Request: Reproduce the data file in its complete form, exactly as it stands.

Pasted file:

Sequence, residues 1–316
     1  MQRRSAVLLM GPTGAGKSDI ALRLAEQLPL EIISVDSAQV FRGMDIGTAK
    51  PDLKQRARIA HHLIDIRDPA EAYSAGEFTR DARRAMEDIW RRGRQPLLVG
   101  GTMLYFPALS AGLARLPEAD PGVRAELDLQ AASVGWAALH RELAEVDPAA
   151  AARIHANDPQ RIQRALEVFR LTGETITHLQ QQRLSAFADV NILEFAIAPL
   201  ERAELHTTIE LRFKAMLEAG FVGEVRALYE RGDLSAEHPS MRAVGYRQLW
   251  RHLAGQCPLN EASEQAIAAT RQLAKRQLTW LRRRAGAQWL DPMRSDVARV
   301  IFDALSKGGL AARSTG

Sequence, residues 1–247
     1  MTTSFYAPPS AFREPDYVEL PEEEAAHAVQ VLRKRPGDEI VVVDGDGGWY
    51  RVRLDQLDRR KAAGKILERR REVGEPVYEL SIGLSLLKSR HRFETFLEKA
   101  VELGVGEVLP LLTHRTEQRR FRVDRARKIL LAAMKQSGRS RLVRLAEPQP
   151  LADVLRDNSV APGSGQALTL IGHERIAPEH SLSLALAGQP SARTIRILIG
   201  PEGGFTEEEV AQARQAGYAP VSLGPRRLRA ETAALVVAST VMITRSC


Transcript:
Sequence, residues 1–316
     1  MQRRSAVLLM GPTGAGKSDI ALRLAEQLPL EIISVDSAQV FRGMDIGTAK
    51  PDLKQRARIA HHLIDIRDPA EAYSAGEFTR DARRAMEDIW RRGRQPLLVG
   101  GTMLYFPALS AGLARLPEAD PGVRAELDLQ AASVGWAALH RELAEVDPAA
   151  AARIHANDPQ RIQRALEVFR LTGETITHLQ QQRLSAFADV NILEFAIAPL
   201  ERAELHTTIE LRFKAMLEAG FVGEVRALYE RGDLSAEHPS MRAVGYRQLW
   251  RHLAGQCPLN EASEQAIAAT RQLAKRQLTW LRRRAGAQWL DPMRSDVARV
   301  IFDALSKGGL AARSTG

Sequence, residues 1–247
     1  MTTSFYAPPS AFREPDYVEL PEEEAAHAVQ VLRKRPGDEI VVVDGDGGWY
    51  RVRLDQLDRR KAAGKILERR REVGEPVYEL SIGLSLLKSR HRFETFLEKA
   101  VELGVGEVLP LLTHRTEQRR FRVDRARKIL LAAMKQSGRS RLVRLAEPQP
   151  LADVLRDNSV APGSGQALTL IGHERIAPEH SLSLALAGQP SARTIRILIG
   201  PEGGFTEEEV AQARQAGYAP VSLGPRRLRA ETAALVVAST VMITRSC